Cost of new Hebburn Tri-Station shoots up to £10million as inflation bites, but chiefs vow to press ahead with project
The estimated cost of a new state-of-the-art emergency services hub in South Tyneside, expected to be operational in spring 2024, has risen to more than £10million, according to fire service chiefs. v.1
The estimated cost of a new state-of-the-art emergency services hub in South Tyneside, expected to be operational in spring 2024, has risen to more than £10million, according to fire service chiefs.
Construction work began earlier this month on Hebburn Tri-Station, which will become home to Tyne and Wear Fire and Rescue Service (TWFRS) as well as teams from Northumbria Police and the North East Ambulance Service.
The new multi-functional facility, which will replace the ageing community fire station in Hebburn, is expected to be the first hub of its kind in the country to be carbon neutral.
At the latest meeting of Tyne and Wear Fire and Rescue Authority (Monday, February 13), updates were given on the cost of the development and the expected timetable for the project on the land between Marine Drive and Campbell Park Road.
Dennis Napier, finance director at the fire service, noted the projected cost of the scheme is now up to £10.850million due to the impact of inflation, although steps have been taken to ensure this does not increase further.
He added there is £500,000 of contingency funding in place for the development, meaning if work goes well, the cost could reduce to around £10.3million.
Mr Napier said: “The costs for the tri-station have increased significantly but I think it’s the market we’re in and the inflationary period that we now have to manage.
“This reflects the result of detailed negotiations with tenderers to get a fixed price quote so that inflation cannot impact any further on the cost of the station which I felt was important.”
Documents which went before a fire authority meeting in January 2022 noted there was a gross estimated cost of £7.7million for the Hebburn Station estate development works.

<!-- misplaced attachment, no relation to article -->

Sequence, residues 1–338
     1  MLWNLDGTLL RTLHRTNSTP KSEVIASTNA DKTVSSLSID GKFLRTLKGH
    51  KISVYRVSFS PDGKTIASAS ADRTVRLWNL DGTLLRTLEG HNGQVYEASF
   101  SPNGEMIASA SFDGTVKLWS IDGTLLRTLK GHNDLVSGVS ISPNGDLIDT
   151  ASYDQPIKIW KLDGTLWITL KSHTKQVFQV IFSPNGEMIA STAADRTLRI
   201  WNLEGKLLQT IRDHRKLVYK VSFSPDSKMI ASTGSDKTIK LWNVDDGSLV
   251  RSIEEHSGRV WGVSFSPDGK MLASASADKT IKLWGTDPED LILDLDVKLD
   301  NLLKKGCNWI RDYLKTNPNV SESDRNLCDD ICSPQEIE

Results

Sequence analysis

Mr Napier added it was a “really positive moment” to see the turf being cut for the project recently, and it is hoped the station will be operational in spring next year.
He said: “We’re on the case and strongly managing the project itself.
“We do expect the station to be fully operational in the spring of 2024.
“Construction, they anticipate the structure will be there by Christmas and it will be after that the finer details happen, but we will have a building constructed by Christmas, according to the constructors.”
The construction phase of the project will be led by Esh Construction – who will be utilising locally sourced materials and construction labourers from the North East workforce.
South Tyneside Councillor Wilf Flynn, Hebburn South representative and a member of the fire authority, said at the meeting it was great to see work finally begin on the project.
He said: “The staff of Tyne and Wear fire and rescue that stuck with this programme deserve a medal to be honest. I’ve been on this authority for eight years and it was on the agenda when I came in.
“I’m really pleased that they’ve stuck with it.”
Once completed, the new emergency services base will feature staff accommodation, appliance bays for emergency vehicles and a free-standing training building amongst other resources and facilities.